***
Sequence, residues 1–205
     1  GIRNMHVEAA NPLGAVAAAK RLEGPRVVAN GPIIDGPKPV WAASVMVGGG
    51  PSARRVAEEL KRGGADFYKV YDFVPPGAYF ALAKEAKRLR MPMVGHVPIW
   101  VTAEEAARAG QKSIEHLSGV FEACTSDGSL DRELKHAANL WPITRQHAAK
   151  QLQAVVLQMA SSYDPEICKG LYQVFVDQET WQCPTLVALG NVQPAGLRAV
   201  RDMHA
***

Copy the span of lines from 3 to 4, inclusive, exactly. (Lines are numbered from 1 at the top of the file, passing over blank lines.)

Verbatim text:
    51  PSARRVAEEL KRGGADFYKV YDFVPPGAYF ALAKEAKRLR MPMVGHVPIW
   101  VTAEEAARAG QKSIEHLSGV FEACTSDGSL DRELKHAANL WPITRQHAAK